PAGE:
The recent killings of two young servicewomen, Vanessa Guillen and Natasha Aposhian, highlight issues of sexual harassment and assault in the U.S. military. Their families are now leading the fight for a change in the way the military investigates those crimes.
- A new criminal complaint alleges a fellow soldier at Fort Hood, Texas killed Vanessa Guillén and hid her body with the help of his girlfriend. Guillén disappeared more than two months ago.
- My sister Vanessa Guillén was sexually harassed, yet nothing was done to it. Because if this can happen to my sister, it can happen to anyone else.
BRIAN MURRAY: My name is Brian Christopher Murray. I'm the father of Airman Natasha Raye Aposhian that was murdered on June 1, 2020, Grand Forks, North Dakota Air Force Base.
She was 21. She had the world ahead of her. She was just super intelligent, smart, caring. If you were her friend, you had a friend for life. Loyal, she's your typical 21-year-old, just liked to go out and have a good time.
BETH FORD ROTH: My name is Beth Ford Roth, and I'm a independent journalist. I have been covering the military I'd say for about two decades in different capacities. It's sad that it had to take a tragedy to once again try and shine a light on this problem of women who are sexually assaulted, sexually harassed in the military.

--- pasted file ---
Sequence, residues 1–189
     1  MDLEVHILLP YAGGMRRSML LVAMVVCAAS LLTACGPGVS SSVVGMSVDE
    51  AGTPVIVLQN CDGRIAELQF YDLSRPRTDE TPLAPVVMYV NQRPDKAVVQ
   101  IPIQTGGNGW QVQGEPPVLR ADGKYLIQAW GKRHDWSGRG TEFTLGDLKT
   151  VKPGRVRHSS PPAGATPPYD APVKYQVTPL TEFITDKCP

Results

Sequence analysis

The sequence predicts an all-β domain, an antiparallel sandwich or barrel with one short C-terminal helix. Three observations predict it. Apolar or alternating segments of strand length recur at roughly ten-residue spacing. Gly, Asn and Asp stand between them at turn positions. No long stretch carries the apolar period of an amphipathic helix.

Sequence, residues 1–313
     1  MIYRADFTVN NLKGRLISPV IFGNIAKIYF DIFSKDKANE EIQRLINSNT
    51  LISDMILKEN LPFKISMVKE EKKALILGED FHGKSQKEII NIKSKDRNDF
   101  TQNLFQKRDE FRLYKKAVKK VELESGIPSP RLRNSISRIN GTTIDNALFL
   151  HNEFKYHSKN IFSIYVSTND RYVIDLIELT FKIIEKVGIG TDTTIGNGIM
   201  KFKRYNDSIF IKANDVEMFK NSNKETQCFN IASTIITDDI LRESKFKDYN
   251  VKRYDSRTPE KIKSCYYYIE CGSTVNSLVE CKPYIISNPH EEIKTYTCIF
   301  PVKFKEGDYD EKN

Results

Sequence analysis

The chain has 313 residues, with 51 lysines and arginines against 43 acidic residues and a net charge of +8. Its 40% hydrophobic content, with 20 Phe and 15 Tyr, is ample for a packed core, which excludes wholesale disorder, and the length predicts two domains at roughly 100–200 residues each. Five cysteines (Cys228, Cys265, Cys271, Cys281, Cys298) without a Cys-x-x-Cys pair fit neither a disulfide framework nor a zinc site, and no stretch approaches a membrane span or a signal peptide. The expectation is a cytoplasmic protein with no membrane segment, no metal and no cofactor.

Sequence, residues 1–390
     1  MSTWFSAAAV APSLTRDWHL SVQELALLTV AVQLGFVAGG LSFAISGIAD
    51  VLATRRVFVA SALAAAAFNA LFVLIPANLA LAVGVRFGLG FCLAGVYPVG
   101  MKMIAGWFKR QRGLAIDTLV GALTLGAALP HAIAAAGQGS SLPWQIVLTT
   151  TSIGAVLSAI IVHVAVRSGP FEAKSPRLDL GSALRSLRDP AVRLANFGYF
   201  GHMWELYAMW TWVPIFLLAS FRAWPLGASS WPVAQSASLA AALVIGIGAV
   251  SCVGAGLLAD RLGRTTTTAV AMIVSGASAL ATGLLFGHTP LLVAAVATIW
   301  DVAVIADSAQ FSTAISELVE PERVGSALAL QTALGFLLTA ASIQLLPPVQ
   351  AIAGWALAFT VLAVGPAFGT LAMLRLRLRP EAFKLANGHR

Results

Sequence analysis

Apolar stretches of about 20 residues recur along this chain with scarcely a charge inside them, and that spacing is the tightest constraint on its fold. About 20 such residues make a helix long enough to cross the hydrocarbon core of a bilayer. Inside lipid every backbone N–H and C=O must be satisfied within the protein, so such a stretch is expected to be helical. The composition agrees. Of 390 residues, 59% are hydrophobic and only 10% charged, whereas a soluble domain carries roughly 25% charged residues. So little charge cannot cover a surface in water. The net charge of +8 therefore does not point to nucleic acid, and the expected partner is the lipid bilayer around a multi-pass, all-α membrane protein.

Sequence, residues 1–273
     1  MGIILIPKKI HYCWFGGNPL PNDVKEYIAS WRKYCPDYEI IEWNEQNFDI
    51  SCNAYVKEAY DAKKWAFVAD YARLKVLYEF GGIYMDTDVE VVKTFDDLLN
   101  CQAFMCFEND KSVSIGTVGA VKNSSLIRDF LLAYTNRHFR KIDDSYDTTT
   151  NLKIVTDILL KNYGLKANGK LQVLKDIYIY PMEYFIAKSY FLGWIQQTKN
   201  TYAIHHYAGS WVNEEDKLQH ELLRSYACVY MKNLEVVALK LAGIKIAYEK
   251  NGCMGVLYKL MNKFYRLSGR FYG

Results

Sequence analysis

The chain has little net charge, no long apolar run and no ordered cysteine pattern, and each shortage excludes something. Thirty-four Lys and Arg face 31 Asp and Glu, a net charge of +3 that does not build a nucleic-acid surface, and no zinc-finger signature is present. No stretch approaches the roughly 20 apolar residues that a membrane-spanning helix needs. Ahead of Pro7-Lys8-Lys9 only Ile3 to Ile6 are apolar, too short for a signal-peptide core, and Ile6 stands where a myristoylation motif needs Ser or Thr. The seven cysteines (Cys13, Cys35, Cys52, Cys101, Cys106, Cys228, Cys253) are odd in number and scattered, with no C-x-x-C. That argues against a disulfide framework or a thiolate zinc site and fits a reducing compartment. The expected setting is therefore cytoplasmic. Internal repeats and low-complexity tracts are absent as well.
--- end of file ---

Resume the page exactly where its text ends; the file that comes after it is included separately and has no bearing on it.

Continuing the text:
BRIAN MURRAY: So she only knew this gentleman for a few weeks. They'd only been dating about five to seven days. Dude was very controlling. She had ended things with him. She feared that he might, because she had ended it, that he might retaliate. I told her that if you feel that way, make sure you let somebody know. I'm not sure if she did or not. I think part of it was because a lot of times people are scared to come forward.
- It's a step in the right direction, but it definitely, obviously, has not solved the problem. The biggest problem is that women do not feel safe reporting that they are very hesitant to go forward and report what happened to them. Because they must do so within their chain of command. And often the harasser or the person who has assaulted them is within the chain of command.
In this case, if this bill makes it through Congress and get signed into law, then women and men who are the victims of sexual harassment or sexual abuse can report it to this independent third party. And then that party would decide whether or not there was enough evidence to prosecute. So it would just take it away from the group, basically, that these women are fearful of retaliation.
BRIAN MURRAY: We would like to see a third party separate from the military be and still be instituted, so that not only females, even if there are male service men, if they are being bullied or they feel harassed, that they have a safe place to go to. If you're on a US base, that should be the safest place.
RYAN MCCARTHY: And we are incredibly disappointed that we let Vanessa down and we let their family down. We vow for the rest of our time in service and our life to prevent these types of acts and to find out how we could prevent them in the future, so that it never happens again.